The Town of Brookfield by significant majority supports the concept of a ” Village Center “. A destination where people can visit retail shops, restaurants, professional services, park, walk around, browse, get a bite to eat, socialize, perhaps be entertained, sit on a park bench and read a book. As required under state statute the town files an official plan of conservation and development every ten years. Within it, section 8 is entitled, establish a Village Center . It states the towns desire to focus on people oriented design, establishing a network of pedestrian sidewalks, providing diversity of uses, preservation of and adaptive reuse of historical buildings, alternative transportation (re-implement passenger rail and enhance bus services). It would include accessible parking for vehicles and bicycles, brick sidewalks, lanterns, gardens, park benches. An opportunity to connect with the Still River Bike Path & Greenway also is included. Local officials, including the Economic Development Commission, Planning, Zoning, Inlands Wetlands, the Brookfield Chamber of Commerce, and other local business groups have been actively discussing and evaluating various strategies and plans to bring this concept to fruition.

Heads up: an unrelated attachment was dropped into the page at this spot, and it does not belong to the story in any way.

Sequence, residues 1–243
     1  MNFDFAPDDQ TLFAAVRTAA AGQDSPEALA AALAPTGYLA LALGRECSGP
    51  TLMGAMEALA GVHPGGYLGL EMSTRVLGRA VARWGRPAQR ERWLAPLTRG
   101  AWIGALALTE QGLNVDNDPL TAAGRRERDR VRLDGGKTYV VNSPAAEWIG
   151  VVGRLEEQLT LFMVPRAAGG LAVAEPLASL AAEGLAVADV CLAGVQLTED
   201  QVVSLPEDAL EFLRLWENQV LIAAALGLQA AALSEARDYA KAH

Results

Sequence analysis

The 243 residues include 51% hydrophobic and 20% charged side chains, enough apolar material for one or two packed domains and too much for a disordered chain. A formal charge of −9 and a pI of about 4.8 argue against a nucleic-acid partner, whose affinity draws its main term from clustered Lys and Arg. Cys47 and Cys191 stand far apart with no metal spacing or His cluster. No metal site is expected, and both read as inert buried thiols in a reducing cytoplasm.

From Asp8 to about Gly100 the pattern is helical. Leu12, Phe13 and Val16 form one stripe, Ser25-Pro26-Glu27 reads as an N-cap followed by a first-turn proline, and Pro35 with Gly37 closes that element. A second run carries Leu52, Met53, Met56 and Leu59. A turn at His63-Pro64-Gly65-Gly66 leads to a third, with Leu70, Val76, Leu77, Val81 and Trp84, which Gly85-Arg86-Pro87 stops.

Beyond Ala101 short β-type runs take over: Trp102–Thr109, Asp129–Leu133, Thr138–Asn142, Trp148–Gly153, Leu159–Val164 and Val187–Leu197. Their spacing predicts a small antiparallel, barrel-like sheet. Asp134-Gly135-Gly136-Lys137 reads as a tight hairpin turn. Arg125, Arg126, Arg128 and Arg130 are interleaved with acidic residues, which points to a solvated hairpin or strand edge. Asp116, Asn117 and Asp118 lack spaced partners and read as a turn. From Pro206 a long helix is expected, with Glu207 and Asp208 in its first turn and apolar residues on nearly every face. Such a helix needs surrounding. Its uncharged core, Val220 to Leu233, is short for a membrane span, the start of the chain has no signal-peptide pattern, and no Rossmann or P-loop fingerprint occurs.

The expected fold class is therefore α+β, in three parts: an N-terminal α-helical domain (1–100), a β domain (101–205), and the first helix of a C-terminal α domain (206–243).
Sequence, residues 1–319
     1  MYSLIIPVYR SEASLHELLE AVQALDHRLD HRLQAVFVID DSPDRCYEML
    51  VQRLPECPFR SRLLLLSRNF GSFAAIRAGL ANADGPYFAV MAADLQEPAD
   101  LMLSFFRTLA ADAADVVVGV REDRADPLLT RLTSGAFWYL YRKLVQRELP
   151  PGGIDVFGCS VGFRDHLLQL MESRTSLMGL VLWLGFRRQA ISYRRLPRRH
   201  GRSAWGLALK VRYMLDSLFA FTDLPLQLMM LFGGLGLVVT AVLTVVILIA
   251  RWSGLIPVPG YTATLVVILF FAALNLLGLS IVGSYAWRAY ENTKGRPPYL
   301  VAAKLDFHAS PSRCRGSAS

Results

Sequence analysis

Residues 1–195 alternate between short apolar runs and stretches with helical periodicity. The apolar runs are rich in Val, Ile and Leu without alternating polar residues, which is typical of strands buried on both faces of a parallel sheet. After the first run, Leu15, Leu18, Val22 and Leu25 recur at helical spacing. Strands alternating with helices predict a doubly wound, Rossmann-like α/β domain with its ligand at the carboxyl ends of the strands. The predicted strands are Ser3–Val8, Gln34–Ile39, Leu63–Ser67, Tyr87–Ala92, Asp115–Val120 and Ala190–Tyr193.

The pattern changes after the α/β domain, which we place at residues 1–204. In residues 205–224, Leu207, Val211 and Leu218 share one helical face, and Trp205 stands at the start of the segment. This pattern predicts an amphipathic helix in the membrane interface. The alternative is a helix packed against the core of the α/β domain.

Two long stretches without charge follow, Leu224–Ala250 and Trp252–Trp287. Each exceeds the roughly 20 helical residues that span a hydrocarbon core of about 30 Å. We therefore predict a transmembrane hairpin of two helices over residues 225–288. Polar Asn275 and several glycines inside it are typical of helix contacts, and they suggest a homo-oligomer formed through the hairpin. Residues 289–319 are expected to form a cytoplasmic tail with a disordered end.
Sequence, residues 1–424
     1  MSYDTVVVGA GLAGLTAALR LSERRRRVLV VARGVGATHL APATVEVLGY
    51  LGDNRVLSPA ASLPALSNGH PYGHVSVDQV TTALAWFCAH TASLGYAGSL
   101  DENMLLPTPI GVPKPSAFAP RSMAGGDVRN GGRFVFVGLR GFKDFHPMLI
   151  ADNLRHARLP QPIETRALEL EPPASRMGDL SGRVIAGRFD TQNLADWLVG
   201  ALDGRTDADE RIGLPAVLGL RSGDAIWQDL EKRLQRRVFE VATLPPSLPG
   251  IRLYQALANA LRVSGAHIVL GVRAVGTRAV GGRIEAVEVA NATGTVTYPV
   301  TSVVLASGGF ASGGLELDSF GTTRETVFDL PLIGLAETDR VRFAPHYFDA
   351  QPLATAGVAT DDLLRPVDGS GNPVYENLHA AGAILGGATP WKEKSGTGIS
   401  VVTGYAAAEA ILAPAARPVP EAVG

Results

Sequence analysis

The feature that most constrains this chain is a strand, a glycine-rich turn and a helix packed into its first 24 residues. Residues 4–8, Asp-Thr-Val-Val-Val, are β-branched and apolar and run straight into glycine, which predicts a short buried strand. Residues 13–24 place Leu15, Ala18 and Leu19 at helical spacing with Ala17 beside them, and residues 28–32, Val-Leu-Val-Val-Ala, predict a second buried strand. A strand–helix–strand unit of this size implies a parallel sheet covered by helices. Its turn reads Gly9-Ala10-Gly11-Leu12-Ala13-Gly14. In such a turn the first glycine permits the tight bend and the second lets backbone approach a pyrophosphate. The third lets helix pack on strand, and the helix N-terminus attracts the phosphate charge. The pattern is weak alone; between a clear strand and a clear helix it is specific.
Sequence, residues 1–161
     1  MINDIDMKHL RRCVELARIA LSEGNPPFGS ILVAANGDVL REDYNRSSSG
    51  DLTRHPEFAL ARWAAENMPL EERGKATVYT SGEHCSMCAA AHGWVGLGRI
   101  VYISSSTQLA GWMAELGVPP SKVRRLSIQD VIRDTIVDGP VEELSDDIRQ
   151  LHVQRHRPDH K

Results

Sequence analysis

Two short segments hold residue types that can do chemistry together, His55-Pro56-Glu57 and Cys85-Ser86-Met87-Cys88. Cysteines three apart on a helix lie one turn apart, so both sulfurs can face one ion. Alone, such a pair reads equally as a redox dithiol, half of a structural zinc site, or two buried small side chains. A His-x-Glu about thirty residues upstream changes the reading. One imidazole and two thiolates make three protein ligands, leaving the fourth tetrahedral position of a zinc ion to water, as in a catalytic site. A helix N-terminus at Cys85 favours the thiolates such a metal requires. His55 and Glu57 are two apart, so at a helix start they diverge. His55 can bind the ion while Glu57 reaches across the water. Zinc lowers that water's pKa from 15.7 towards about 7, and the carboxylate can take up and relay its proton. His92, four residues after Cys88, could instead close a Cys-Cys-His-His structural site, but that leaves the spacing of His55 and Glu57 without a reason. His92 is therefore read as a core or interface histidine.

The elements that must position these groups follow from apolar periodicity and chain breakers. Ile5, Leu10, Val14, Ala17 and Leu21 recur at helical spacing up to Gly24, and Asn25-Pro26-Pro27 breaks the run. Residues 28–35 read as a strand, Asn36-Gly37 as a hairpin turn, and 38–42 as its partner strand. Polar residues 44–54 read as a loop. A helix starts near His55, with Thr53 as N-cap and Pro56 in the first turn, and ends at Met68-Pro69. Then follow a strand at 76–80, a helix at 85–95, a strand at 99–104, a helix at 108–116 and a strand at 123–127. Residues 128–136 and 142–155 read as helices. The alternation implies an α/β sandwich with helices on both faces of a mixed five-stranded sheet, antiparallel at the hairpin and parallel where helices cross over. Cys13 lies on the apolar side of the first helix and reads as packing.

Funding- Of course all of the issues in developing a village district require funding for support. The only way the village center concept could ever become a reality was to develop a plan, ensure that local regulations would allow for the plan to be developed, and address the challenges that exist, which included ground water contamination, and the many decades of mixed use and structural difference that pre-exist. I have worked with local officials and colleagues in Hartford , and over a period of eight years and have secured five Small Town Economic Assistance Program (STEAP) Grants, totaling $2.5 million for that purpose. The town has been given broad discretion in how it applies the use of those funds. A great deal of that funding has been committed to resolving two separate ground water contamination issues to begin building the infrastructure. Recently townspeople approved $75,000 expenditure out of one of those grants for an updated study. The state has been very supportive to the town’s vision and commitment and has even partnered with them in providing an investment of future growth for economic development and quality of life.
The town has officially named this area “The Town Center”, just like I thought of it as a kid. With a vision in place, sound planning, local leadership’s commitment, major obstacles resolved or eliminated, focused dedication by volunteers, there is great potential, and (a future) an opportunity for the people of Brookfield to realize a dream. This enhancement to the town has been met with significant and costly challenges, along with frustration, disagreement, and a strong test of patience. With a continued focus and generous dose of New England Yankee ingenuity and spirit, there is enormous promise and future for the Town Center to add to Brookfield ‘s fascinating and rich history, a place we can support, enjoy, and be enthusiastic about.